• D Riebe L Pescatello, R Arena, ACSM’s guidelines for exercise testing and prescription the ninth edition, Lippincott Williums and Wilkins, 2013; Page 23-24.
  • Nicholas Ratamess, ACSM’s foundations of strength training and conditioning, Wolters Kluwer health? Lippincott Williums and Wilkins, 2011; Page 481.
  • Ashutosh P., Reeta V. Effect of eight weeks proprioceptors training on agility of male Kho-Kho players. Int. J. Yoga Physiother. Phys. Educ. 2018 Jan; 3(1):33-38.
  • Moreira NB, Alves RC, Ferandes DY, Prestes LF, Cassimiro V, Da Silva VS, Preis C. Effect of proprioceptive training and central stabilization in physical fitness in young soccer players. Journal of Physical Education and Sport. 2017 Jun 1;17(2):810.
  • TASKIN C, BICER Y. The effect of an eightweek proprioception training program on agility, quickness and acceleration. Turkish Journal of Sport and Exercise. 2015;17(2):26-30.

Abstract Views: 9

PDF Views: 0




  • Effects of Proprioceptive Training on Agility Performance in Male Football Players

Abstract Views: 9  |  PDF Views: 0

Authors

Charmi Salot
School of Physiotherapy, D.Y. Patil University, Nerul, Navi-Mumbai, India
P. Sathya
School of Physiotherapy, D.Y. Patil University, Nerul, Navi-Mumbai, India

Abstract


Background and Purpose: Football is a high intensity intermittent sport which requires the successful and effective execution of the technical skill like agility, change of direction, acceleration, deceleration, sudden stops and shots largely depends on the football players’ ability to control their balance and to adapt better and faster to their ever changing bodily postures and positions in the pitch. So to maximize the football performance the possible strategy could be proprioceptive training. Hence, the purpose of this research was to see the effects of proprioceptive training on agility performance in male football players.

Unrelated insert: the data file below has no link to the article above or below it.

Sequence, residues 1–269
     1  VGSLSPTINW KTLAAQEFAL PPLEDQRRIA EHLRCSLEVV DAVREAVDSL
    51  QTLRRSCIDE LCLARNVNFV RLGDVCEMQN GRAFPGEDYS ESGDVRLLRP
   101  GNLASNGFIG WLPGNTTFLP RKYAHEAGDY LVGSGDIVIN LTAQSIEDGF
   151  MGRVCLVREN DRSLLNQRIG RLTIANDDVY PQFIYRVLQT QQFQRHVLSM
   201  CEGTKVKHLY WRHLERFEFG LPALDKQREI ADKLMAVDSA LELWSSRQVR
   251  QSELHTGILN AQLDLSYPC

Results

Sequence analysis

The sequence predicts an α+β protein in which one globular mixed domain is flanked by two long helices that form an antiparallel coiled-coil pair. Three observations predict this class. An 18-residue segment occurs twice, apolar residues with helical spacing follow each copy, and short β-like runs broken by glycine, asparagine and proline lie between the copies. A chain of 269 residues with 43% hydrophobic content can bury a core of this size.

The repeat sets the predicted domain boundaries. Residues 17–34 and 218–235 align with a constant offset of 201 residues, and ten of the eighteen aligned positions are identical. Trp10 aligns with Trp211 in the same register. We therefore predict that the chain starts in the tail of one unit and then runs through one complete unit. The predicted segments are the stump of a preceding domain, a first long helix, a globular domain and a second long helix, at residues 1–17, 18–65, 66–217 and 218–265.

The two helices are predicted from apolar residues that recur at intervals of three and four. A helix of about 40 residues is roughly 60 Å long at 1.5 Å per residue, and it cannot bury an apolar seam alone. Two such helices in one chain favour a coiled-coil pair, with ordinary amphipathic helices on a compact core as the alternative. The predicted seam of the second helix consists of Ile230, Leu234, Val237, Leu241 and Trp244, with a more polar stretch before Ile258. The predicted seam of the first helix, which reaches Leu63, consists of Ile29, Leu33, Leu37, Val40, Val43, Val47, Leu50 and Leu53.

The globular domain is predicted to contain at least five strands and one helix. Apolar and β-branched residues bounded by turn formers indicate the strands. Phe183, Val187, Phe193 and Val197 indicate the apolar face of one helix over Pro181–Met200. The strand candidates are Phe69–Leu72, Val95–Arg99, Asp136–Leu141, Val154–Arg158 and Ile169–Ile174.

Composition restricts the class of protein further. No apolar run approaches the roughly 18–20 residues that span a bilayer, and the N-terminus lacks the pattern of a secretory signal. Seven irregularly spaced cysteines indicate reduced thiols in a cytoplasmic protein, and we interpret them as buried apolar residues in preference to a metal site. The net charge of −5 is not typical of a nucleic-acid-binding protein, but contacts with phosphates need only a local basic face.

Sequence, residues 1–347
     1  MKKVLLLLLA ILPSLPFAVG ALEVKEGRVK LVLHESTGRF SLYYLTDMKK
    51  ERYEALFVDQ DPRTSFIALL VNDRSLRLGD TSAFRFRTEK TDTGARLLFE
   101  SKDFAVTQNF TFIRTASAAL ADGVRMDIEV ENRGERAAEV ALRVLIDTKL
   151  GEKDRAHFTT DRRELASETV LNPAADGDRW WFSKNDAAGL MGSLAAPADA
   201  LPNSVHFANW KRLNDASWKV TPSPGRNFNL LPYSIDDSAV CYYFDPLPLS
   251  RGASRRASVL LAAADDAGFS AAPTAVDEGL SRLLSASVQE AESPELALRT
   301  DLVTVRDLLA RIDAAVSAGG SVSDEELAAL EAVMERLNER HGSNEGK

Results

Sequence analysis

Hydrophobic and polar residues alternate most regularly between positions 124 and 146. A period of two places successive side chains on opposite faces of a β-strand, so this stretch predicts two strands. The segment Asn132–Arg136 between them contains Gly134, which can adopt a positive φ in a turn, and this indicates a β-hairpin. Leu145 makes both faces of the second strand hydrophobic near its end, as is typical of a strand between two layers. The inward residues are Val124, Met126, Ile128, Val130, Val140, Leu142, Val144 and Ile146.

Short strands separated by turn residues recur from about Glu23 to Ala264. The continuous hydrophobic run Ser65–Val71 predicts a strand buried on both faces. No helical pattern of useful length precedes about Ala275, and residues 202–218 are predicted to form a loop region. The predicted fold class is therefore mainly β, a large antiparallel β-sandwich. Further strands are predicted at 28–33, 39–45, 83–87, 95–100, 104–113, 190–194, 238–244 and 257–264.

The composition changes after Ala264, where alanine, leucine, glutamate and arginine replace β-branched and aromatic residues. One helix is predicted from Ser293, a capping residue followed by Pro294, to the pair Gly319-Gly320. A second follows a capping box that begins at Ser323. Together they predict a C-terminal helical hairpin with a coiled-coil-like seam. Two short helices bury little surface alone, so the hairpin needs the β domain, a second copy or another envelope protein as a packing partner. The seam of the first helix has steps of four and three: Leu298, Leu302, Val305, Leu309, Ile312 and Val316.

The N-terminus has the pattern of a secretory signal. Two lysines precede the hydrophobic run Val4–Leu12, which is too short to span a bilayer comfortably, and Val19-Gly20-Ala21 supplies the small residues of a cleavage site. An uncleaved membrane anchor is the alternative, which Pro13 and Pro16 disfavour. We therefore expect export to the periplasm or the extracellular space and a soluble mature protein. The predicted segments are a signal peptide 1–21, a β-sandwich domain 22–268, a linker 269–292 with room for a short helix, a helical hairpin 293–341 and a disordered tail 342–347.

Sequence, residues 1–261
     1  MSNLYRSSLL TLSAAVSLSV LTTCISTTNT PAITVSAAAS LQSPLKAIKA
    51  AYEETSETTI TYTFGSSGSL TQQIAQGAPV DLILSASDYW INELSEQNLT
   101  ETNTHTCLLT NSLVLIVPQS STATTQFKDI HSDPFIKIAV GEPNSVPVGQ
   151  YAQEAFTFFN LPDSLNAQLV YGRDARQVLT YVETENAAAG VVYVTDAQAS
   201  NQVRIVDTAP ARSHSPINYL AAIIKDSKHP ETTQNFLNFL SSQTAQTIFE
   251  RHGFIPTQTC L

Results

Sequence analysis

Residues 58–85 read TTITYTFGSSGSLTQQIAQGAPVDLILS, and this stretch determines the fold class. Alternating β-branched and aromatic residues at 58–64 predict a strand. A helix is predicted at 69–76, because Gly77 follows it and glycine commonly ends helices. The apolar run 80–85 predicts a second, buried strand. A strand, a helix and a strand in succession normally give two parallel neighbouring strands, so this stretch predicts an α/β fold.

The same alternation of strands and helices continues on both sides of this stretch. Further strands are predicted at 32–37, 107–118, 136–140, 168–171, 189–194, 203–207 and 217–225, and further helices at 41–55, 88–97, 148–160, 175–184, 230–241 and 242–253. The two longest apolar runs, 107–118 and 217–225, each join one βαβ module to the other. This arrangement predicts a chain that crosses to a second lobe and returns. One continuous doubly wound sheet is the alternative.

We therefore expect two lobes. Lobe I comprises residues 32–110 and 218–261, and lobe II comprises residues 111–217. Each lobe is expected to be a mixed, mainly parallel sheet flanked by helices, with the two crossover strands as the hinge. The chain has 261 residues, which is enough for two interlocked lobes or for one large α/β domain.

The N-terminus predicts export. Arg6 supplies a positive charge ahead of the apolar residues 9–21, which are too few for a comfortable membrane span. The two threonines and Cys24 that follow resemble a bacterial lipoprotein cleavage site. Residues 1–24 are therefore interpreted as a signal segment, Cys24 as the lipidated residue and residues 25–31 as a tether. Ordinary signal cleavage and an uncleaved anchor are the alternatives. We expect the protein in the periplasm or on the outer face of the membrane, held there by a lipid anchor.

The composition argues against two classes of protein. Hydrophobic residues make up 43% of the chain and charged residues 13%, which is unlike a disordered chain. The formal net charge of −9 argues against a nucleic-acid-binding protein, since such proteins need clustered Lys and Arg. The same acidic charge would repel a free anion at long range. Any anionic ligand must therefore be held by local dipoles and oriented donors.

Method: 90 football players participated were randomly selected and divided in two groups, experimental (n=45) and control group (n=45). Experimental group underwent Proprioceptive training on bosu ball with their regular football training program and control group underwent regular football training program. Athletes were trained for 3 times a week for 6 weeks. Agility assessment at pre and post intervention was done for all subjects using T-agility test.

Results: The results revealed a significant differences in comparison between pre and post agility for experimental group with p-value 0.000 (< 0.05) and insignificant difference for control group with p-value 0.220 (> 0.05).

Conclusion: Proprioceptive training was effective in decreasing the agility time in male football players.


Keywords


Proprioceptive Training, Bosu Ball, Agility, Football.

References